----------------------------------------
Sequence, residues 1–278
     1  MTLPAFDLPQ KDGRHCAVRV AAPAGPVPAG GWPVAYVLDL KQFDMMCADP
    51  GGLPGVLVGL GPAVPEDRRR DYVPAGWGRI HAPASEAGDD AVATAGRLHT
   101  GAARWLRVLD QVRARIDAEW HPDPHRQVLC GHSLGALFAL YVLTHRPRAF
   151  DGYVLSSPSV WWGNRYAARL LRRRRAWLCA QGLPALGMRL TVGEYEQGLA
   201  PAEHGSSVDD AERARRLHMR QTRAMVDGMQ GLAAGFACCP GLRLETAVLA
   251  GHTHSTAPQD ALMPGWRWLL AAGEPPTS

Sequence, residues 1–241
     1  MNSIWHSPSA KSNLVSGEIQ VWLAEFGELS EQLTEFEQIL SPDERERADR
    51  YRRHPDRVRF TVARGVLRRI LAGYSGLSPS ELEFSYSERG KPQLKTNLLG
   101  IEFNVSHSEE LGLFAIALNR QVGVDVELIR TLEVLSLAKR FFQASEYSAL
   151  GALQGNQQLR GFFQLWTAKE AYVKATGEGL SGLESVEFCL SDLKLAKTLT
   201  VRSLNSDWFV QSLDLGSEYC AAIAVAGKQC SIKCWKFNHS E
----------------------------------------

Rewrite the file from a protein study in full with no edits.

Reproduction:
Sequence, residues 1–278
     1  MTLPAFDLPQ KDGRHCAVRV AAPAGPVPAG GWPVAYVLDL KQFDMMCADP
    51  GGLPGVLVGL GPAVPEDRRR DYVPAGWGRI HAPASEAGDD AVATAGRLHT
   101  GAARWLRVLD QVRARIDAEW HPDPHRQVLC GHSLGALFAL YVLTHRPRAF
   151  DGYVLSSPSV WWGNRYAARL LRRRRAWLCA QGLPALGMRL TVGEYEQGLA
   201  PAEHGSSVDD AERARRLHMR QTRAMVDGMQ GLAAGFACCP GLRLETAVLA
   251  GHTHSTAPQD ALMPGWRWLL AAGEPPTS

Sequence, residues 1–241
     1  MNSIWHSPSA KSNLVSGEIQ VWLAEFGELS EQLTEFEQIL SPDERERADR
    51  YRRHPDRVRF TVARGVLRRI LAGYSGLSPS ELEFSYSERG KPQLKTNLLG
   101  IEFNVSHSEE LGLFAIALNR QVGVDVELIR TLEVLSLAKR FFQASEYSAL
   151  GALQGNQQLR GFFQLWTAKE AYVKATGEGL SGLESVEFCL SDLKLAKTLT
   201  VRSLNSDWFV QSLDLGSEYC AAIAVAGKQC SIKCWKFNHS E